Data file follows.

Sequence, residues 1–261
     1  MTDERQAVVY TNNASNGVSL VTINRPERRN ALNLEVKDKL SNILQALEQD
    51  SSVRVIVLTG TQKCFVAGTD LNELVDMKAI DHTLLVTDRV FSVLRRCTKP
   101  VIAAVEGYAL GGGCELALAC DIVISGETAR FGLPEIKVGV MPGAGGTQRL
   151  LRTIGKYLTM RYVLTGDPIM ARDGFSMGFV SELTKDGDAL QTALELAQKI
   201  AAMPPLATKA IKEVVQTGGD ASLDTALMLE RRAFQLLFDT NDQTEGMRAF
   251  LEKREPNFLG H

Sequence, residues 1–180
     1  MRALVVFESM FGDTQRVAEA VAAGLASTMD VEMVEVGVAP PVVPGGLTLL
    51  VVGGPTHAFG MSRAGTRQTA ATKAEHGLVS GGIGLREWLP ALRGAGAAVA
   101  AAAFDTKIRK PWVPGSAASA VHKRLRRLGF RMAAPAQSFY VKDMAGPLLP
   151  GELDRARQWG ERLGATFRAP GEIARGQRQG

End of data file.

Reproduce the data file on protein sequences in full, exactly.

Sequence, residues 1–261
     1  MTDERQAVVY TNNASNGVSL VTINRPERRN ALNLEVKDKL SNILQALEQD
    51  SSVRVIVLTG TQKCFVAGTD LNELVDMKAI DHTLLVTDRV FSVLRRCTKP
   101  VIAAVEGYAL GGGCELALAC DIVISGETAR FGLPEIKVGV MPGAGGTQRL
   151  LRTIGKYLTM RYVLTGDPIM ARDGFSMGFV SELTKDGDAL QTALELAQKI
   201  AAMPPLATKA IKEVVQTGGD ASLDTALMLE RRAFQLLFDT NDQTEGMRAF
   251  LEKREPNFLG H

Sequence, residues 1–180
     1  MRALVVFESM FGDTQRVAEA VAAGLASTMD VEMVEVGVAP PVVPGGLTLL
    51  VVGGPTHAFG MSRAGTRQTA ATKAEHGLVS GGIGLREWLP ALRGAGAAVA
   101  AAAFDTKIRK PWVPGSAASA VHKRLRRLGF RMAAPAQSFY VKDMAGPLLP
   151  GELDRARQWG ERLGATFRAP GEIARGQRQG